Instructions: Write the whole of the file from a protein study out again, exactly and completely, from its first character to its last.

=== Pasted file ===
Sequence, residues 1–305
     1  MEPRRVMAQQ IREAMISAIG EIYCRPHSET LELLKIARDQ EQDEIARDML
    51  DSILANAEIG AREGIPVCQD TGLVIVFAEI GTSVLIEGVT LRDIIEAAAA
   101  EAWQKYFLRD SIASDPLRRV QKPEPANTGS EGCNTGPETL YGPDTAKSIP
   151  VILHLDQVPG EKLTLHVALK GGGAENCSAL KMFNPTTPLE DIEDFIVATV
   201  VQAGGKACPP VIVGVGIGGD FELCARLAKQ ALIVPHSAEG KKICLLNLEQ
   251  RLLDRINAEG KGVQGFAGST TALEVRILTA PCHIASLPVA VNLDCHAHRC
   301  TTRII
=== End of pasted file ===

Sequence, residues 1–305
     1  MEPRRVMAQQ IREAMISAIG EIYCRPHSET LELLKIARDQ EQDEIARDML
    51  DSILANAEIG AREGIPVCQD TGLVIVFAEI GTSVLIEGVT LRDIIEAAAA
   101  EAWQKYFLRD SIASDPLRRV QKPEPANTGS EGCNTGPETL YGPDTAKSIP
   151  VILHLDQVPG EKLTLHVALK GGGAENCSAL KMFNPTTPLE DIEDFIVATV
   201  VQAGGKACPP VIVGVGIGGD FELCARLAKQ ALIVPHSAEG KKICLLNLEQ
   251  RLLDRINAEG KGVQGFAGST TALEVRILTA PCHIASLPVA VNLDCHAHRC
   301  TTRII